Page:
Then the Lord spoke again to Ahaz: “Ask for a sign from the Lord your God – from the depths of Â Sheol to the heights of heaven.” But Ahaz replied, “I will not ask. I will not test the Lord.” Isaiah said, “Listen, house of David! Is it not enough for you to try the patience of men? Will you also try the patience of my God? Therefore, the Lord Himself will give you a sign: The virgin will conceive, have a son, and name him Immanuel. By the time he learns to reject what is bad and choose what is good, he will be eating butter and honey. For before the boy knows to reject what is bad and choose what is good, the land of the two kings you dread will be abandoned. The Lord will bring on you, your people, and the house of your father, such a time as has never been since Ephraim separated from Judah – the king of Assyria [is coming]. Isaiah 7:10-17 (HCSB)
In the midst of this passage is the oft referenced verse in the Gospel of Matthew that claims to point to Jesus as the Messiah. Immanuel literally means “God with us.” It would be the name that attested to “the presence of God’s anointed.”
The term translated first by the Septuagint translators as virgin, actually means “young maiden.” In this context, a child would be born to a chaste, innocent girl as a sign to the king of Judah, Ahaz, and his people.
Within 12 years (the age of accountability in the Jewish mind) after this child was born, the enemies of Northern Israel and their ally, Syria (Aram) would be destroyed and people put into exile. Yet God was not done with Judah. The arrogant people of Judah became more arrogant and turned from their love for God. They boasted of their strength, wealth and invincibility. So God declared that he would bring his wrath onto their land as well, and only a faithful remnant would be under his covenant care, even after the land was scorched and never the same again. The pride of the men of Judah was reflected in their beards as their symbol of manhood and virility, but they would sent into exile shaved from head to toe.
Isaiah dared to be the herald of God’s warning: Be careful what you ask for, and do not believe that I did it because of what you have done or what you deserve, because you do not deserve anything better.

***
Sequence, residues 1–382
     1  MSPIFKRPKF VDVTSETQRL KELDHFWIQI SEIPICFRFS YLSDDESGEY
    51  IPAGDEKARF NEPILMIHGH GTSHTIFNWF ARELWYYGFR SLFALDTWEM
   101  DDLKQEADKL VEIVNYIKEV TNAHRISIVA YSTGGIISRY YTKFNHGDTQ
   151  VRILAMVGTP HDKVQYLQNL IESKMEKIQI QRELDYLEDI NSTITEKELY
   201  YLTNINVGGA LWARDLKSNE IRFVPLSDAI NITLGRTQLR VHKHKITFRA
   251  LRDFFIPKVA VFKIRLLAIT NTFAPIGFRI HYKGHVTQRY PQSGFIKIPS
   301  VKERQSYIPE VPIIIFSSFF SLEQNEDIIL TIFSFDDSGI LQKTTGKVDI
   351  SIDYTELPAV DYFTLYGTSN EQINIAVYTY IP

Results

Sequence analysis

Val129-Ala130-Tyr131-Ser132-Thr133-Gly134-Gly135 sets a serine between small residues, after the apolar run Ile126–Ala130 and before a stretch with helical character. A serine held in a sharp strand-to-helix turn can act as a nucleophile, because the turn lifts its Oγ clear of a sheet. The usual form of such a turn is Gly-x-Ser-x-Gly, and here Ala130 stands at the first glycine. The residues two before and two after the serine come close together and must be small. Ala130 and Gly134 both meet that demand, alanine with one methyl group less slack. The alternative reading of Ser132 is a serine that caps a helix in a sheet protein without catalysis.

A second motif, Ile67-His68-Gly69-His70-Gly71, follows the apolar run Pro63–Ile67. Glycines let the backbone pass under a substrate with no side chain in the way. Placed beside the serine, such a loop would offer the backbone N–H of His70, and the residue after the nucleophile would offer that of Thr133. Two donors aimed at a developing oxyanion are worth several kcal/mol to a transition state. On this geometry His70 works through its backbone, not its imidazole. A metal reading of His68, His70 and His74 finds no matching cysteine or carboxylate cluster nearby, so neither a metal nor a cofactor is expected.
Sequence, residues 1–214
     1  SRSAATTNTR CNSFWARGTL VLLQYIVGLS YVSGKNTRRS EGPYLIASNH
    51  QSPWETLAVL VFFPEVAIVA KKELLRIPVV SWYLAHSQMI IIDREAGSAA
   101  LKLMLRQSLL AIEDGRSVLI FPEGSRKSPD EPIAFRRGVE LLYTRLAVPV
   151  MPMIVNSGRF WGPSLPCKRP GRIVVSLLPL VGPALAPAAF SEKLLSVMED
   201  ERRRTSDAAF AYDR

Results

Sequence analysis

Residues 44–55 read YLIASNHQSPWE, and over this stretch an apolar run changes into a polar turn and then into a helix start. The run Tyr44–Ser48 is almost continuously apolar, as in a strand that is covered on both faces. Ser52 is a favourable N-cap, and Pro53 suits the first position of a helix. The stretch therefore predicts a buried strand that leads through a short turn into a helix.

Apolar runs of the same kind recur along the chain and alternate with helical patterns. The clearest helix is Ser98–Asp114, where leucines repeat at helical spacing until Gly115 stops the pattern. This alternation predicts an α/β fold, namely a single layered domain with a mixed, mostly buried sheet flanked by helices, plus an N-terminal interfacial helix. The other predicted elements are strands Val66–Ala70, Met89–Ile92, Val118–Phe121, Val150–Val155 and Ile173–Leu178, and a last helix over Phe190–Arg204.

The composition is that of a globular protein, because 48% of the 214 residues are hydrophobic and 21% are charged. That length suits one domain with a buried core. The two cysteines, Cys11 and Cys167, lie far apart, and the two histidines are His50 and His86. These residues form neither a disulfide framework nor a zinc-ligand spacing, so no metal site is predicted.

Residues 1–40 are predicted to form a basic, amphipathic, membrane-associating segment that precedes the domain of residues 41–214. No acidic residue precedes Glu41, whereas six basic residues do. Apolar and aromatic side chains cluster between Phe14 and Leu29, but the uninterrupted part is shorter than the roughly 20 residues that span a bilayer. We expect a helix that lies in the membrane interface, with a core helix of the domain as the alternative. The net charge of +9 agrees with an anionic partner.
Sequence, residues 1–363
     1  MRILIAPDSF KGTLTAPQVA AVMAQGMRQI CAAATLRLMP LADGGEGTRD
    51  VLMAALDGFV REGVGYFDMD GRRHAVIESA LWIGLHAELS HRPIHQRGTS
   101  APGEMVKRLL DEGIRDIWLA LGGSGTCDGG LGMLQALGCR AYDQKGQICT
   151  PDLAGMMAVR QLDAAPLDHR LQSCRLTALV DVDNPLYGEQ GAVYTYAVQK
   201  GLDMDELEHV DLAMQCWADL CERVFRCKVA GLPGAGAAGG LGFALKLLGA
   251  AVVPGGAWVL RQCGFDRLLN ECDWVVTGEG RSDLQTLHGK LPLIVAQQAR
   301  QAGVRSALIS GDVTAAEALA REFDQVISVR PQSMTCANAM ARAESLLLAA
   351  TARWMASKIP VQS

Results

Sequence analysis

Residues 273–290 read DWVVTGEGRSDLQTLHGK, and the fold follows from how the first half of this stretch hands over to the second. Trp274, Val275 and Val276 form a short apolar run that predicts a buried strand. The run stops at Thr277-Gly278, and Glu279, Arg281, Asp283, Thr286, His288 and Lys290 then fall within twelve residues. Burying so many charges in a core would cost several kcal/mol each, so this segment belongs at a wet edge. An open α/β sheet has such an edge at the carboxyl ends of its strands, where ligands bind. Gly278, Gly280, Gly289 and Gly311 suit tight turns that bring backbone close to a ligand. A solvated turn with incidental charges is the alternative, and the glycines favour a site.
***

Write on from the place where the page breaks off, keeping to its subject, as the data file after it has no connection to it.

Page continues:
In Bethlehem, many centuries later, a child would be born who be likewise identified as Immanuel. The Jews of the first century had long returned from exile and rebuilt their temple but fell under the rule of the Romans. They felt they deserved to be freed from the yoke of their Roman oppressors. However when Jesus revealed he was not what they envisioned as their Messiah, God’s Immanuel – a great and powerful earthly king to orchestrate political change, orchestrated instead a spiritual revolt against the religious oligarchy, they conspired to destroy Jesus out of jealousy and greed. Why didn’t they hear the same message? Be careful what you ask for, and do not believe that I did it because of what you have done or what you deserve, because you do not deserve anything better.
Even today, we need to be careful when we are jealous or afraid of certain conditions in our life and we seek God’s vengeance upon our enemies. God knows our motive? If we ask for selfish reasons, we stand the risk of God making major changes in our own lives to humble us. He will strip away our symbols of pride and arrogance. We should take care what we ask God to do for us, and allow God to reveal the motive in our heart before we ever ask God to turn his wrath on those we perceive as rivals or a threat to our lives. Otherwise, we may find ourselves under the same judgment that we are asking God to pour out upon our enemies.
This is troubling time on our country and there are a myriad of prayers and petitions directed to God about the perceived threats we face. Should we listen to the same warning and be careful what we ask for? We may not relish the response anymore than what history has shown.